What writers of English who resort to the blatant inversion of the generic/specific distinction fail (or care not) to understand is that their practice is a grammatical error. This error is rooted in the markedness value of the feminine in all languages which have gender as a grammatical category. That value is marked, i. e., conceptually restricted vis-à-vis the masculine (and the neuter gender, if the latter is extant), which is correspondingly unmarked. In a language like English, where gender in nouns is not overtly specified morphologically (unlike, say, Russian), the only other way for gender to inhere in the grammatical makeup of a word is to be part of its lexical meaning. Thus woman can only refer to a member of the biologically female human sex, just as bitch in its straightforward (i. e., non-emotive, non-pejorative) application can only designate a female dog; or gander a male goose, etc.

Thus the use of the feminine pronoun to refer to a word like mathematician––which is neutral, i. e., undesignated lexically as to biological sex––is not only a violation of the rules of English grammar but a distortion of the specific/generic distinction rooted in nature, of which grammar, like biology, is an integral part. The ideological motivation for this contravention of grammar, far from advancing the cause of feminism, only serves to undercut it.


Tenues and Mediae in English

June 10, 2014

The terms ‘tenues’ and ‘mediae’ have traditionally been used to denote the series of obstruents (= true consonants) associated with the letters p, t, k, s, etc. and b, d, g, z, etc., respectively.

From the phonological point of view, tenues and mediae subsume two distinctive features in terms of which they can be opposed: voiced vs. voiceless and tense vs. lax. The distinctive feature voiced vs. voiceless presents, from a logical viewpoint, two contradictory opposites whose physical counterparts are the presence vs. absence of glottal vibrations. A distinctively voiced media is thus normally constituted by the corresponding tenuis with superimposed glottal vibrations. Since voicing and tenseness are syncategorematic features, there obtains a normal complementary distribution of their physical correlates such that, in languages with distinctive voicing (like Russian), voiced obstruents are phonetically lax and voiceless ones phonetically tense. At the same time, in comparison to languages (like English) which have distinctive tenseness, languages evincing distinctive voicing manifest tenues which are normally relatively lax and tenuis stops which are relatively unaspirate (aspiration being a concomitant of distinctive tenseness, not voicelessness).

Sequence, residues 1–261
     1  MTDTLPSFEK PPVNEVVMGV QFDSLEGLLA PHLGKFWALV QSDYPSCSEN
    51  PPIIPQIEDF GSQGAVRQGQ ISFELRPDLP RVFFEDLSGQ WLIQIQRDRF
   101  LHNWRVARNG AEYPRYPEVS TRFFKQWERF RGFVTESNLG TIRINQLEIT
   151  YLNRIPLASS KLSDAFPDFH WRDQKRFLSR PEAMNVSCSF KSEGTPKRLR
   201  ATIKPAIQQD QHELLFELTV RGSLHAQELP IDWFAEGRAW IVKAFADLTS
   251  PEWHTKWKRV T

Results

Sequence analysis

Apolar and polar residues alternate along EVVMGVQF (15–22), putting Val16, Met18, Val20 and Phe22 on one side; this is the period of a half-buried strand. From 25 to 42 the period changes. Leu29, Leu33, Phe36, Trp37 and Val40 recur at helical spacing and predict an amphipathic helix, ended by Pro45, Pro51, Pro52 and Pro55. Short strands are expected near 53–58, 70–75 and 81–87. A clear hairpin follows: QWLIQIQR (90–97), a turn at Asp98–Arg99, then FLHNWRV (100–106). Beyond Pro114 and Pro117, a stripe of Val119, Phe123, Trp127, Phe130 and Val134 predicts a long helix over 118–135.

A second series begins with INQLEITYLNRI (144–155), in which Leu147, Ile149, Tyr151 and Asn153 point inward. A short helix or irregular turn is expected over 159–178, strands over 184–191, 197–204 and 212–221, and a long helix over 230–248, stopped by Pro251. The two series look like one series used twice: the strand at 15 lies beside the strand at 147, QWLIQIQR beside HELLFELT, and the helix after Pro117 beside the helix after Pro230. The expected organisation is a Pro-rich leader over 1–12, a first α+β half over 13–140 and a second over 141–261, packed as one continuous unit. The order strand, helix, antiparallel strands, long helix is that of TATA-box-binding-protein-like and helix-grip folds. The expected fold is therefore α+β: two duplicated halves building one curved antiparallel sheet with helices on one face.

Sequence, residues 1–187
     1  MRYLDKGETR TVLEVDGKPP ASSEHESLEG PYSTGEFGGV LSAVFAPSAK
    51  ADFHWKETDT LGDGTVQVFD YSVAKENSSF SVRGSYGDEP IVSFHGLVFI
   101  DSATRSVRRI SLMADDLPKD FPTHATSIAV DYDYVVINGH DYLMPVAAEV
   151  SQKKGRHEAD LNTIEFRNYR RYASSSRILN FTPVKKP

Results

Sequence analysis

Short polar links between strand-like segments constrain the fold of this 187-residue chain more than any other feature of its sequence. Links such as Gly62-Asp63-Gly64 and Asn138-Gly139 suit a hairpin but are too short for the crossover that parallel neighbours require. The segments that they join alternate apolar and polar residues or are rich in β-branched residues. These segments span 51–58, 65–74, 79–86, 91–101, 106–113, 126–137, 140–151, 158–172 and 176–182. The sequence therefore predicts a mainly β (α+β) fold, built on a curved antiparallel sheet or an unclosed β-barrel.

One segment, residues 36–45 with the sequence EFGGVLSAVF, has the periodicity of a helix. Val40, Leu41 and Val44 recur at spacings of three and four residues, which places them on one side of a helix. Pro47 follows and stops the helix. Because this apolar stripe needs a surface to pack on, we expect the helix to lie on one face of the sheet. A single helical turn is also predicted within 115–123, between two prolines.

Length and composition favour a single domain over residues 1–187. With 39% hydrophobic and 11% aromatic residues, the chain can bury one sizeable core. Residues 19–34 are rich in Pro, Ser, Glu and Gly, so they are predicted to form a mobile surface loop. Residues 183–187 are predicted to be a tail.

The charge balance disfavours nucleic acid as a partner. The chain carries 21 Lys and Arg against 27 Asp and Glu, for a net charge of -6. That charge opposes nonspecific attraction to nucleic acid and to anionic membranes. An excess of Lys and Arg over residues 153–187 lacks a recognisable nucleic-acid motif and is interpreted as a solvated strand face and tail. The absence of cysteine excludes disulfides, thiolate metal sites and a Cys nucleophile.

The distinctive feature tense vs. lax, on the other hand, is composed of two contrary opposites––greater vs. lesser protensity––typically implemented as a difference between tenues and mediae in the relative duration of the release portion and the tenure portion.

Despite the availability of a rich phonetic literature since at least the time of the pioneering English phonetician Henry Sweet (1845-1912), contemporary phonologists (including those of the generative stripe and their offshoots) have continually vacillated in their interpretation of English tenues and mediae, with the voiced vs. voiceless feature posited as distinctive more often than not. The great Russian phonologist Nikolai Trubetzkoy (1890-1938) even claimed in his Principles of Phonology that it is “impossible to say whether in English a correlation of tension or a correlation of voice is present.”

A refutation of this latter view is implicit in the several earlier posts (vide infra) where the theory of phonology underlying the analysis reposes on the fundamental principle that the sound system of a language is a semeiotic, a system of signs. Once the semiotic workings of the system are charted, using phonological implementation rules as a sign of the underlying hierarchy defining the sounds (phonemes), the membership of English in the typological group of languages (e.g., Japanese, Latin, Ukrainian, etc.) evincing protensity and not voicing in their tenues and mediae becomes irrefutable.